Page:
Political Rewind: Targeting 'divisive' subjects in school, like history; Greene sees GOP blowback
Dr. Andra Gillespie — Professor of political science and director, James Weldon Johnson Institute for the Study of Race and Difference, Emory University
Dr. Amy Steigerwalt — Professor of political science, Georgia State University
Patricia Murphy — Politics reporter and columnist, The Atlanta Journal-Constitution
1. Lawmakers to vote today on legislation limiting the ways teachers can talk about race and racism in schools.
- The bill is sponsored by state Rep. Will Wade, a Republican from Dawsonville.
- The language of the bill is from the influential conservative think-tank Heritage Foundation.
- There are multiple bills circling the General Assembly concerning how teachers do their jobs.
- HB 1178, also know as the "Parental Bill of Rights" would give parents more control over curriculum and is supported by Gov. Brian Kemp.
- Teacher say they feel "under attack" by Republican-led effort to ban discussions of race and racism in Georgia classrooms.
2. War in Ukraine mentioned on Georgia campaign trail.
- Lawmakers tied the conflict in Eastern Europe to "constitutional carry" legislation in the General Assembly, saying an expansion to the gun access is as important as ever.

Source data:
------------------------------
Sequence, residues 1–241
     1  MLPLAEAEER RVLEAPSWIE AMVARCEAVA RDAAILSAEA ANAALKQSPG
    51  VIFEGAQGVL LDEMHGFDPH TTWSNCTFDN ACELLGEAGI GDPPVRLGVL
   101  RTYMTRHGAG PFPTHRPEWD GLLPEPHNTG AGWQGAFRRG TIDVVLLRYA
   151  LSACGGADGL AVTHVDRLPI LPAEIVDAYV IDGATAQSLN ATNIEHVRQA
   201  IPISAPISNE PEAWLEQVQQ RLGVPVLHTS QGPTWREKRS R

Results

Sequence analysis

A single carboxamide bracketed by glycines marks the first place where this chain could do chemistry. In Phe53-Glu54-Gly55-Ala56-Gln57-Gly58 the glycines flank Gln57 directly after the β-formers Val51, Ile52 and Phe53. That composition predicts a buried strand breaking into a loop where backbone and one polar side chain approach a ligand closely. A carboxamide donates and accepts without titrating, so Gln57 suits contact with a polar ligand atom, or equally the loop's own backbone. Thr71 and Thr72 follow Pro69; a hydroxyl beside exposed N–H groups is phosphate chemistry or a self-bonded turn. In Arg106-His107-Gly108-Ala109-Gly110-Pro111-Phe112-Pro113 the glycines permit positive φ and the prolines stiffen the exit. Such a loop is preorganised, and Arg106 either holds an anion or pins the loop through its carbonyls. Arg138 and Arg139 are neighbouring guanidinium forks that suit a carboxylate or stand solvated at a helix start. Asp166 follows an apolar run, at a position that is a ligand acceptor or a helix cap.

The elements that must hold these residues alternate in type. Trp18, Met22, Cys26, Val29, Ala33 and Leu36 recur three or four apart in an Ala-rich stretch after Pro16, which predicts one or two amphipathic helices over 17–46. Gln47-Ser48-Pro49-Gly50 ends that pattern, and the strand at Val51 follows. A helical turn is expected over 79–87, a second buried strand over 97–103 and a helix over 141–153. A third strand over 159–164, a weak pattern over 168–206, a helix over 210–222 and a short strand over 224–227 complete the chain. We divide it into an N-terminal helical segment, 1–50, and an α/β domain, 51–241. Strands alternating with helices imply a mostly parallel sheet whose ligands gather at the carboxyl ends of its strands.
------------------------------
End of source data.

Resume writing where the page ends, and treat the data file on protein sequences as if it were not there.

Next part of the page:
- Republicans criticized Democratic gubernatorial candidate Stacey Abrams for tying the war to voting enfranchisement efforts.
3. U.S. Rep. Marjorie Taylor Greene sees blowback from attendance at conference organized by white supremacist.
- Greene spoke at the America First Political Action Conference last weekend.
- One of the main organizers of the conference is prominent online racist and right-wing organizer Nick Fuentes.
- High-ranking congressional Republicans Sen. Mitch McConnell and Rep. Kevin McCarthy called out Greene for her appearance.
Monday on Political Rewind:
We are scheduled to talk to author and journalist Chris Joyner about his new book, The Three Death Sentences of Clarence Henderson: A Battle for Racial Justice at the Dawn of The Civil Rights Era.